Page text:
Singapore’s Channel News Asia is good at detailing the rigours afflicting its neighbours, the better, presumably, to show the city state’s administrative superiority. But it’s accurate, and the other day, it showed pictures of Serdang Hospital: a large tent under which patients drowsed on lines of camp beds that stretched to the car park, a sight simultaneously sad and pitiful, like a stanza out of Dante. There are worse stories. Klang Hospital is, apparently, running out of oxygen.
God bless our medical front-liners. They are, hands-down, the heroes of this crisis. My admiration for them is unbounded and the fact that they continue to go to work every day, uncomplainingly, is a miracle.
Take L, a skin specialist, compelled to help at the Covid ward at Serdang Hospital. The work, she says is non-stop: a daily grind of pressure and heartbreak in a hazmat suit.
And clap for the generous Malaysian. An hour after a doctor at Serdang Hospital urgently called for buns and bottled water, 400 of each, for his patients, swiftly relayed WhatsApp messages resulted in its delivery, courtesy of a Rotary Club chapter near the hospital
These are the country’s unsung heroes, not those clowns in government. I mean, don’t you just hate it when old men dream up new tricks to remain in power?
This Perikatan Naasional government seems fearful of being accountable for its decisions. For some reason, they do not want their decisions scrutinised by Parliament. Why not table its resolutions to revoke the Emergency ordinances before Parliament and subject it to debate?
That’s Democracy 101. It’s also basic courtesy after months of hiding under the skirts of an ersatz Emergency. Skulking around and then trying to push through a retrospective revocation of the emergency ordinances only signals something to hide, a whiff of fire and unholy smoke.
On Thursday, in an unheard-of display of royal pique, the King singled out Law Minister Takiyuddin Hassan for “misleading” Parliament. There had, apparently, been a meeting between the King, the Minister and the Attorney General previously where the King had made clear that he wanted the revocation of the Emergency ordinances to be tabled and debated by Parliament before he consented to it.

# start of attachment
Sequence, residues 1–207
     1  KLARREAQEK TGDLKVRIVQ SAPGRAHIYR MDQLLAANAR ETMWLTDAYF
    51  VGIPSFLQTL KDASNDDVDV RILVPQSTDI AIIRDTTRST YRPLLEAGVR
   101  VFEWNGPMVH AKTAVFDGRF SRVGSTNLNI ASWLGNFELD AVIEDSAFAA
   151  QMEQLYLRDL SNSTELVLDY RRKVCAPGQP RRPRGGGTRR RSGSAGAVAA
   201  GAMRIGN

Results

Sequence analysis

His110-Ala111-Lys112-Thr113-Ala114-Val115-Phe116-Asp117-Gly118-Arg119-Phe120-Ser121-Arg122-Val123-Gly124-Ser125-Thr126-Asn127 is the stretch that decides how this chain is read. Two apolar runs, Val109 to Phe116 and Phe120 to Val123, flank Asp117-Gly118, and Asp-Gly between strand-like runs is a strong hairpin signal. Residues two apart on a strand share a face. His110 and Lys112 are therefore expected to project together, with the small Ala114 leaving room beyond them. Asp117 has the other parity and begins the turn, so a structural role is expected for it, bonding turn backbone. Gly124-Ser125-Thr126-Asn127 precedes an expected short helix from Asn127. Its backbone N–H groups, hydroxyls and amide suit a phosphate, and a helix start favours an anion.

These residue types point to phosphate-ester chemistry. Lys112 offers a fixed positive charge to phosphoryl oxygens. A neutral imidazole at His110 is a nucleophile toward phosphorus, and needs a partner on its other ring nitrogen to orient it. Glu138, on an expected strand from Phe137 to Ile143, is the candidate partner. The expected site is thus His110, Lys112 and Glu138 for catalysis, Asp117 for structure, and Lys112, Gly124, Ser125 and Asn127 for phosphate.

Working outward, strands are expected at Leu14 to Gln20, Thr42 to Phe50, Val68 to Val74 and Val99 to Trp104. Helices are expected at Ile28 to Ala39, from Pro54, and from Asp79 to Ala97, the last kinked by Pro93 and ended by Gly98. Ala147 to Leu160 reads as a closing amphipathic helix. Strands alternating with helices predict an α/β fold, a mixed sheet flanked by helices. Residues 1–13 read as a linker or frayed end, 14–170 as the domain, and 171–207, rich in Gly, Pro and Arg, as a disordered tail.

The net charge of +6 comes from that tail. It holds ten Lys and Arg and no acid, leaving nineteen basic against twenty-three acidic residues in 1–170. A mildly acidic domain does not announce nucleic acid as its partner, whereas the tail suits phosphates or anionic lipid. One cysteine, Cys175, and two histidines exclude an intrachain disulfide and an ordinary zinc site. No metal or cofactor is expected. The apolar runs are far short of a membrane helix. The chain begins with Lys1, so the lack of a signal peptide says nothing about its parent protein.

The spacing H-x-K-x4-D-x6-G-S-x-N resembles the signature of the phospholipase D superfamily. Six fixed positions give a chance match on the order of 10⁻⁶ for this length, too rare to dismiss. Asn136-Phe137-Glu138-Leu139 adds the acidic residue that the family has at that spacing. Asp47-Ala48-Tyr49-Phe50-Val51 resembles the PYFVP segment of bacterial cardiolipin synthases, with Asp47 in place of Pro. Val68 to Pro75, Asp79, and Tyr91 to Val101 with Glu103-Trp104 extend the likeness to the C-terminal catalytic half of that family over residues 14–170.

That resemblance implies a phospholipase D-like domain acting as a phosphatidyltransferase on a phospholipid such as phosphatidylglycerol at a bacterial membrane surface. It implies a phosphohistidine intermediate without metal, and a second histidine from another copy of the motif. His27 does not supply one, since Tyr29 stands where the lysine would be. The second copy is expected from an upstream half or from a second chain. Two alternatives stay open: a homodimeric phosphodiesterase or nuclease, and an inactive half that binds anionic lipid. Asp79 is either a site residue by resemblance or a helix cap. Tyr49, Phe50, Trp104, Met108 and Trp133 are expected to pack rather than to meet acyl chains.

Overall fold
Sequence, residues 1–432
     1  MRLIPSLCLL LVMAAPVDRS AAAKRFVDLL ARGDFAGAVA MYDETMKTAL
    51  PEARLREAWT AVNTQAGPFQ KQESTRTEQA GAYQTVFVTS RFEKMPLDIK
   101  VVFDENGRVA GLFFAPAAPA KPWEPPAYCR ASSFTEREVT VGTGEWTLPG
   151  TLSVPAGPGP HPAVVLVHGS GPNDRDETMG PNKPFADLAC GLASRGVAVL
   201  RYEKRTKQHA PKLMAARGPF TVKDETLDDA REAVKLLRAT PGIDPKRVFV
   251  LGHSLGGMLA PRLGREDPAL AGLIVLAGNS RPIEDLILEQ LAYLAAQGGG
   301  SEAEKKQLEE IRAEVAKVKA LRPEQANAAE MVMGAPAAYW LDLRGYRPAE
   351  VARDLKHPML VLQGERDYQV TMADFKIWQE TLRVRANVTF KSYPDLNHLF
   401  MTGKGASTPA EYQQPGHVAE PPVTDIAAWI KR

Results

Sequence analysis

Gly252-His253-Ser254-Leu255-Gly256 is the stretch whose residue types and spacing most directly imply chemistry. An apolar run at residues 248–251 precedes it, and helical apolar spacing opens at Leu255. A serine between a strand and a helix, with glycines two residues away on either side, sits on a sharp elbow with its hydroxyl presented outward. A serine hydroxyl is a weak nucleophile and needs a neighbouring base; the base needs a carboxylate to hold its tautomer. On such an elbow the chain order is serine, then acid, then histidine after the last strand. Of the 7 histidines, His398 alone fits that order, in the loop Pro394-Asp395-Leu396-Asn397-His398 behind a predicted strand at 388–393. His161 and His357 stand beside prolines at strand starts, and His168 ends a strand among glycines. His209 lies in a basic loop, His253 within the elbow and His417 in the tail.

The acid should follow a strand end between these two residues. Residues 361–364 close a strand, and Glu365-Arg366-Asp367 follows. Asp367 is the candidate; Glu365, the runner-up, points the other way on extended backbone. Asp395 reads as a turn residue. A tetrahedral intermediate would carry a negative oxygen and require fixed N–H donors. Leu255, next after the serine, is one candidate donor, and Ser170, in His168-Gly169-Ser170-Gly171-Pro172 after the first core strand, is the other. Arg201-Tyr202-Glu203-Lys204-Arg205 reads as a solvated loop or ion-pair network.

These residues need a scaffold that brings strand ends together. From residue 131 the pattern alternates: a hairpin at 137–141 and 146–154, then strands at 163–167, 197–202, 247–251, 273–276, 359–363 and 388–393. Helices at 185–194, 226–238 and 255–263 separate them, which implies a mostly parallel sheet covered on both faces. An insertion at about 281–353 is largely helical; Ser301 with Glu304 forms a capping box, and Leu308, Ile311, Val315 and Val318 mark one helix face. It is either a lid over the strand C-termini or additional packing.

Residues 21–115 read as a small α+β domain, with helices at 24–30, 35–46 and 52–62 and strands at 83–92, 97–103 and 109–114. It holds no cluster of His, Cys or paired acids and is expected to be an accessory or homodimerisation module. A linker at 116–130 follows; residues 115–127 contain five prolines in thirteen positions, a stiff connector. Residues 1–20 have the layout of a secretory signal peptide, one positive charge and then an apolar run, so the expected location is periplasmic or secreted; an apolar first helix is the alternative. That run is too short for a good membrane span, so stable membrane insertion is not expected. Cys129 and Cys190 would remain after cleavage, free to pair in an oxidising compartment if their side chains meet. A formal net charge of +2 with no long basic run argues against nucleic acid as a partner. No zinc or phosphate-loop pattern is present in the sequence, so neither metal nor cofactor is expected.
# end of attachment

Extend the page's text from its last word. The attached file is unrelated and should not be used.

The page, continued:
The subsequent explanation from the PM’s office on Friday danced around the issue and never addressed the question of whether the King consented to the PN’s revocations. Did he sign off on it?
Nope. Neither did Parliament get a chance to debate anything. Takiyuddin coolly told Parliament that there was no need for debate as the Cabinet had done away with the revocations a week ago ergo there was nothing to get excited about.
Now if this was an action of the previous PH government, what do you think would have happened? Remember, also, the Law Minister then was one Liew Vui Keong from Sabah and the AG was a certain Tommy Thomas. I think we can safely assume that police reports would have piled up faster than an Usain Bolt on steroids. And the cries of treason would have reached near-hysteria.
Why is the government so fearful of scrutiny?
The simple answer is that they are loath to provide explanations: for the billions they have spent without legislative approval, for their dismal management of the pandemic.
The outbreak shows no sign of abating despite months of lockdown. The caseload now exceeds 1 million and continues to grow at an alarming pace.
Malaysia has always prided itself on its health system. Among developing countries, we were among the earliest to bring life expectancies and infant mortality rates on par with the developed world.
Now the system is breaking down. We are closing on 9,000 deaths from Covid and averaging 100-200 fatalities a day. The bodies are piling up, but the government insists that everything is “under control.”
This too shall pass. Meanwhile, you know what they say: some people are wise while some are otherwise.